But there’s no escaping it – and wrestling with the challenges of running a business can rob some photographers of their sanity!
Advice On How To Start In The Photography Business
With the above-mentioned qualifications in mind, here’s what I would say to anyone finding themselves in this position, not just this individual.
First, congratulations on having someone who thinks your photography is good enough to consider hiring you to capture the most important day of their life – her wedding! That’s a great compliment!
However, stepping into the role of a professional wedding photographer is not to be taken lightly. With it comes a huge responsibility, and there’s only one chance to get it right on the day.
Ask yourself, “how ready do you feel to take on this challenge?”
It’s very tempting to be fooled by the thought that, because she’s not paying you much, that her expectations will be lower and that she’ll be less critical of the results…
Nothing could be further from the truth.
Experience has shown that “cheap” brides are often the most critical, the hardest to work with, the most demanding, and can be merciless when it comes to meting out punishment for what they see as any shortcomings on the part of the photographer.
For example, if you listen to our recent teleseminar with wedding photographer Chris Cummins at “How To Engage More Brides And Book More Weddings“, you’ll learn that one of the few times that he had to honor his guarantee was with a cheap wedding like the one you’re describing. I can attest to the same.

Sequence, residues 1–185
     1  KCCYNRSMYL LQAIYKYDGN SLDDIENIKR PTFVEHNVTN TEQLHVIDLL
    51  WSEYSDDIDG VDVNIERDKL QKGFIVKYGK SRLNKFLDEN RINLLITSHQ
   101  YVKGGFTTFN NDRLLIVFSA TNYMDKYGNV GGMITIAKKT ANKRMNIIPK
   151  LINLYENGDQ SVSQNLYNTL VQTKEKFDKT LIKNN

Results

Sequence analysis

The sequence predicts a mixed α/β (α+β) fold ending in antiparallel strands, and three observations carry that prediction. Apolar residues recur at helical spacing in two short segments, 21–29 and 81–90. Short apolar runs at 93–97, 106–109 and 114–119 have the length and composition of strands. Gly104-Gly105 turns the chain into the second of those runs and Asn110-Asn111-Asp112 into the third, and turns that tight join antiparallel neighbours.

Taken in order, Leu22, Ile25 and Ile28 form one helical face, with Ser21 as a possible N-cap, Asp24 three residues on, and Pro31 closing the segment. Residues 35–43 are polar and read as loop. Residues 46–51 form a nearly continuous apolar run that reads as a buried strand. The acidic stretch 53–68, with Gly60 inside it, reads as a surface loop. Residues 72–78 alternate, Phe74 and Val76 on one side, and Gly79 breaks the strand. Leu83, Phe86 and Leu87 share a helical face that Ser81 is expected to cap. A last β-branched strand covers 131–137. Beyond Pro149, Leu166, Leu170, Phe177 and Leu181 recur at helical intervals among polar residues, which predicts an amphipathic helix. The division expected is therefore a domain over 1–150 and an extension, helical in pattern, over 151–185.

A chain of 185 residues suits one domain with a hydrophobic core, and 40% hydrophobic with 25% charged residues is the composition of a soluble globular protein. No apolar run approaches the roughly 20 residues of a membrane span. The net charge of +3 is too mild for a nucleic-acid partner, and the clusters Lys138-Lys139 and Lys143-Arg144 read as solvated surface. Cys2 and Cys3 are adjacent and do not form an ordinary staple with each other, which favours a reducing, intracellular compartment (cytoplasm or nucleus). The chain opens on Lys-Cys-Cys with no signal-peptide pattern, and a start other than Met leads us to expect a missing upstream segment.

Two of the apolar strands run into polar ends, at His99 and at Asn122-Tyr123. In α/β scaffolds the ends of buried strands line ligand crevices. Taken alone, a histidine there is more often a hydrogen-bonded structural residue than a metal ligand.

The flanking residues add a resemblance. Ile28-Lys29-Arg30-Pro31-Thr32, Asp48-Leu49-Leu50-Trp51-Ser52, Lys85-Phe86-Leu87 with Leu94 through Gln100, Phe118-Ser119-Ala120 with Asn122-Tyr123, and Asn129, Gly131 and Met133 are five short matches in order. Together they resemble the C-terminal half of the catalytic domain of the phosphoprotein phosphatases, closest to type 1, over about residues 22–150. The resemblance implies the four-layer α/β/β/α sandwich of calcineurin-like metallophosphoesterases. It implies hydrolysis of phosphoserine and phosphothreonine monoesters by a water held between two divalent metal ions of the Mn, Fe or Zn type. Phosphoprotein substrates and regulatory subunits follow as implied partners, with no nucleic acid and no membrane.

Then there’s the technical challenges… if you haven’t photographed a wedding before as the lead photographer, or you don’t at least already have years of experience in some other genre, then I would strongly suggest that you intern as an assistant with another established wedding photographer in your area to learn what it really takes to do this.
You might even find that you don’t enjoy the experience at all, which will save you a whole lot of trouble further on down the road.
As I hope you can see, just coming up with ideas for “creative poses” doesn’t even come close to preparing you for the job of photographing a wedding.
Now I know that your potential client is a co-worker and that she’s probably applied some coercion or instilled a sense of obligation for you to do this for her, but I would strongly recommend that you turn this assignment down, for your sake and hers.
Explain to her that this is of critical importance, that it’s her wedding day (as if she shouldn’t already know that), and that she should consider some of the benefits of hiring a proper professional:
- Experience and know-how…
- Professional guarantee…
- Liability insurance…
- Capable assistants…
- Backup equipment…
- Timely post-production…
- Access to professional labs and book printing…
- Less personal familiarity makes it easier if there’s a problem…
- … and many others
At the end of the day, it’s your choice to do this, but you’ve been warned about the potential dangers. Trust me, nothing is guaranteed to put a crimp in your day more than an angry bride who’s unhappy with her wedding photographs. It won’t matter to her one bit that she made the wrong decision and hired someone because it was cheap – all she’ll care about is making a very ugly scene – with you taking center stage.
If you want some ideas on running a successful photographic studio, then take a look at my free “11 Days To Business Peace” photography business course…
How Would YOU Respond?
What did I miss here? How would you respond to this? Leave your thoughts and comments below, and do take a moment to share this with other photographers – they just might thank you for it.